As my degree was in High Energy Particle Physics, I thought this was interesting. I can see the headlines now: "Rocket Scientist teaches Brain Surgeon."
In conversation after class, I asked him why he would take the time to sit through my lectures, as he must be rather busy with his profession. He complimented me very much when he simply replied, "You are a good teacher."
Some years later I noted in the news that a difficult medical case had been treated at UCSD Medical Center, where a tumor was removed from a patient's brain in a 23 hour procedure. The doctor who stood in one position for 23 hours and patiently cut away the tumor, stitching each vessel with 10 microscopic stitches was Dr. U.
When I taught my first class at Marc Adams School of Woodworking I had the school make 8 chevalets, and I thought they would be in different sizes. However, they made them all the same size, 61cm tall, which would be perfect if the student was 6'2". Naturally all the students were different heights, so I had to make risers for the seats. In that first class I had a very enthusiastic woman who was 4' 11" tall. Her name was Pepper and she was a medical doctor. Doctor Pepper. She was an exceptional worker and impressed me with her attitude. Out of the 8 students 3 were medical doctors and one was a medical nurse.
At some point (I can't remember who or where) I had a client who was a doctor tell me that "We're all either carpenters, electricians or plumbers." I thought that was a rather humble description of one of the most important professions on earth. "Carpenters" fix broken bones, "Electricians" repair damaged nerves and "plumbers" solve leaky pipes. (I don't want to be more specific...)
If I had entered the medical profession I would be a good doctor. I would be a "Carpenter" since I understand how to repair structural damage, with the least invasive methods. When I fix something it is fixed. I spend a lot of my work repairing the damage caused not only by the accident but also (and much worse) the damage caused by amateur attempts to repair it, before it was brought to me.
I have posted before about Vector Clamping. It is my way of teaching about proper methods of applying pressure on a glue joint. When the joint is straight and even and the clamping surface is parallel to the joint, it is obvious where to clamp. However, when the repair involves complicated curves and many different breaks it becomes more difficult to visualize where to apply the clamps.
This is where amateur woodworkers get in trouble. Either they don't have enough clamps or the proper clamps, or the proper glue, or they try to just flood the break with glue, thinking it will fill all the gaps. In any case, the repair is usually horrible. By understanding Vector Clamping theory the repair will be easy, and the minimum number of clamps will be needed.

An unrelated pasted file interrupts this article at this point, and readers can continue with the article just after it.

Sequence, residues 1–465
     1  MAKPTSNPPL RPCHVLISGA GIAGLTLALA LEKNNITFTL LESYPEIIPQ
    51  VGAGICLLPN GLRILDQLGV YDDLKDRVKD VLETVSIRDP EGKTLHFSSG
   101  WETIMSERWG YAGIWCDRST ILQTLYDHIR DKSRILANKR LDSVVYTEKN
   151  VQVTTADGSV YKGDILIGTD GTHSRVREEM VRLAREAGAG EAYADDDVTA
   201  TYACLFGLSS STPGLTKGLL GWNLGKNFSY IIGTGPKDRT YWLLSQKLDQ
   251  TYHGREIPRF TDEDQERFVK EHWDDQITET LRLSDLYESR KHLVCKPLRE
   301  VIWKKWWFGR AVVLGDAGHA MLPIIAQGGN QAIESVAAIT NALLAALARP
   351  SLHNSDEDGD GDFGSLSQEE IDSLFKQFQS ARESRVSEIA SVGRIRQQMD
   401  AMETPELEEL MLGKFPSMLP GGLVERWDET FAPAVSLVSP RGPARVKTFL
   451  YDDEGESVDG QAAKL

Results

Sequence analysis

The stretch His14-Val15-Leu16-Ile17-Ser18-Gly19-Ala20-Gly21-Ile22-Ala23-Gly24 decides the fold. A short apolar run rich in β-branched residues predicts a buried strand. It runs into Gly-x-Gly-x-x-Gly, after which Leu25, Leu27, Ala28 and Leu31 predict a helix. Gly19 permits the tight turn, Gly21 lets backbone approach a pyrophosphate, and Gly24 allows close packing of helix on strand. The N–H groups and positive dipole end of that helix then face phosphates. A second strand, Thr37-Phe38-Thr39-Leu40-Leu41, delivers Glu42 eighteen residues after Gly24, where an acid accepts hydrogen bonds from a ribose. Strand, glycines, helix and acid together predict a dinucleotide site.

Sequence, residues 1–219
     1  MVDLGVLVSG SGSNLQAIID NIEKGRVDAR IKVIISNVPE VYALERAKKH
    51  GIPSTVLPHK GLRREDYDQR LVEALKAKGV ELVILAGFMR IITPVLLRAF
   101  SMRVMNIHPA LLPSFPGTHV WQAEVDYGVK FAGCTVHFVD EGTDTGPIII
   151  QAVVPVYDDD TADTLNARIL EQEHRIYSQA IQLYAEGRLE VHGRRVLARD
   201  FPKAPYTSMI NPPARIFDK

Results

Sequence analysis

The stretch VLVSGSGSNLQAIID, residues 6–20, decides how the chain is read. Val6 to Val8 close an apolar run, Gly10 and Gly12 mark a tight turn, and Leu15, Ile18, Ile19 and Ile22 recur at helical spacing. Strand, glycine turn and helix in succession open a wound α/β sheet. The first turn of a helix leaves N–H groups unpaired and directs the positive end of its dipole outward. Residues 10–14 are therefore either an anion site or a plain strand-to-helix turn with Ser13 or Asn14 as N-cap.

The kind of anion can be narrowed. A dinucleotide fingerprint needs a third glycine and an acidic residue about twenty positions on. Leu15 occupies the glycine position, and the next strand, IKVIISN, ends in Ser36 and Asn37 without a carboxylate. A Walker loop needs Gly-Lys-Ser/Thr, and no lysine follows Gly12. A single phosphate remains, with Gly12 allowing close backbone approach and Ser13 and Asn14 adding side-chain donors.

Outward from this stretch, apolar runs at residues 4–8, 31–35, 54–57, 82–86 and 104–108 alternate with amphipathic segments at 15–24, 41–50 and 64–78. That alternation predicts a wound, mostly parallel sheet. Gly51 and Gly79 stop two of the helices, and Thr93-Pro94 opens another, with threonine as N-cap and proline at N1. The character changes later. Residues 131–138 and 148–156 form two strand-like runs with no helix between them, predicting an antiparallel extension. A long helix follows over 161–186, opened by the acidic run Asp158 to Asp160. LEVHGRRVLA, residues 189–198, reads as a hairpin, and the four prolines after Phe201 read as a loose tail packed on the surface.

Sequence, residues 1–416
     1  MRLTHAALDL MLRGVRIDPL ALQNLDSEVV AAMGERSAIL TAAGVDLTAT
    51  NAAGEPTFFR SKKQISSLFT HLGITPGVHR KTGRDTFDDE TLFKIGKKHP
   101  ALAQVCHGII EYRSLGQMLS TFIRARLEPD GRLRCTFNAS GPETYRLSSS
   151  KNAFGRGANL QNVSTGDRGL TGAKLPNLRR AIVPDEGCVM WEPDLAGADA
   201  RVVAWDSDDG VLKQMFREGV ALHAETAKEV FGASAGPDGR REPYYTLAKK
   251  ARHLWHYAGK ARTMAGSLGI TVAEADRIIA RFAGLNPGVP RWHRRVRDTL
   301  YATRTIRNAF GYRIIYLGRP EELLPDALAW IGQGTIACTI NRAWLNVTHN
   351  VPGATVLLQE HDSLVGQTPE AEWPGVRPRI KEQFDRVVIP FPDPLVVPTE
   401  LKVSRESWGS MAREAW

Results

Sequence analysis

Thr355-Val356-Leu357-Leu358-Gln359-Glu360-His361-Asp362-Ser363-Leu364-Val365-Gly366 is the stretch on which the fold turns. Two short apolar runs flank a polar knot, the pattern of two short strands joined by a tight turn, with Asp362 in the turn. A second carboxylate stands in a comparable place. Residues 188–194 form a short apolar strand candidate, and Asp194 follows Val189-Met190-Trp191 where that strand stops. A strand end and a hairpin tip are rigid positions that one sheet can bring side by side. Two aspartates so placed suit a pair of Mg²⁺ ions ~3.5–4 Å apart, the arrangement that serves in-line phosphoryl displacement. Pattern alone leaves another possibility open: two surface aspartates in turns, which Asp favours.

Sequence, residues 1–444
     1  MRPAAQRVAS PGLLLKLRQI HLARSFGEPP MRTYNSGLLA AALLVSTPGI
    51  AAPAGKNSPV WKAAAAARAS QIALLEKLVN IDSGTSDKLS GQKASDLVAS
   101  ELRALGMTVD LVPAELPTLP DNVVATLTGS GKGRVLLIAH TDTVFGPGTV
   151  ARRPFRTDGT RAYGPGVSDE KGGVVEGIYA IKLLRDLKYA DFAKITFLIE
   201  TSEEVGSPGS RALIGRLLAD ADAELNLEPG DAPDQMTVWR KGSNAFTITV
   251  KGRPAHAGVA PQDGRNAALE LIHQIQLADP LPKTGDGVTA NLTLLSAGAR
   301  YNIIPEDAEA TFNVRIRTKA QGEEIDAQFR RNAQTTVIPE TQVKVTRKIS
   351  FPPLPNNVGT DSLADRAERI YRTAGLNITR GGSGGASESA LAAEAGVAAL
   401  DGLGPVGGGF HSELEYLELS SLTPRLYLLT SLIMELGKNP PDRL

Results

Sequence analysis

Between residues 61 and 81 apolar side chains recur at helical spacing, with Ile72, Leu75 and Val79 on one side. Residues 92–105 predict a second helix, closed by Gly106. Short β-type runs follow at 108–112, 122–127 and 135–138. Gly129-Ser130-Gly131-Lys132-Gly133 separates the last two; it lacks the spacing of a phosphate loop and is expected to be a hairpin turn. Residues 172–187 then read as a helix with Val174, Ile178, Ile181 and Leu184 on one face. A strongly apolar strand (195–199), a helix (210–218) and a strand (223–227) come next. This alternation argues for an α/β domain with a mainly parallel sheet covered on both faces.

Vector Clamping means that a single clamp must be applied in the center of the joint and perpendicular to its surface. On curves this means an additional scrap piece of material must be attached temporarily to properly provide a place for the main clamp to do its work.
Repairing a curved leg on a tripod table is a good example. This nice early table came in last week with a broken leg. An effort to repair it involved a large dowel going sideways, lots of yellow glue and a lot of missing wood. The person who had attempted to repair it had damaged much of the surface of the joint so that it was no longer useable.
I used a toothing plane to clean up the glue residue. You must glue to clean wood. You cannot glue to dirt, old glue (unless it is a protein glue), or any other contaminant. The success of the repair depends on the wood to wood surface contact. This is why dowels are not as good as tenons. Dowels present a circular surface which contacts as much end grain as side grain. Tenons contact a larger area of side grain than end grain, so are stronger.
To begin the repair I fashioned pine clamping jigs, which are attached to the leg and foot. If you study the photo you will see only two of the clamps do the actual work on the repair. The vertical center clamp holds the piece in position while the diagonal clamp (on the back of the leg, difficult to see) is pulling the foot towards the leg. The rest of the clamps are used to hold the jigs.
|Wood Elements Added for Vector Clamping|
I used a pattern to determine the shape of the new piece. In this case I used a piece of recycled Cuban mahogany, as the table was made in that wood. Note the tenon extension I provided which fit into the foot element, as there was not enough end grain on the foot piece to guarantee strength.
|Foot on Left Photo, Leg on Right Side, Pattern for Repair|
This shows the repair after the clamps were removed:
|Cuban Mahogany Element Before Shaping|
|Looks Straight To Me|
|Second Piece of Mahogany Added to Bottom of Leg|
|Note The Curve Is Continuous and Smooth|
I am a Problem Solver.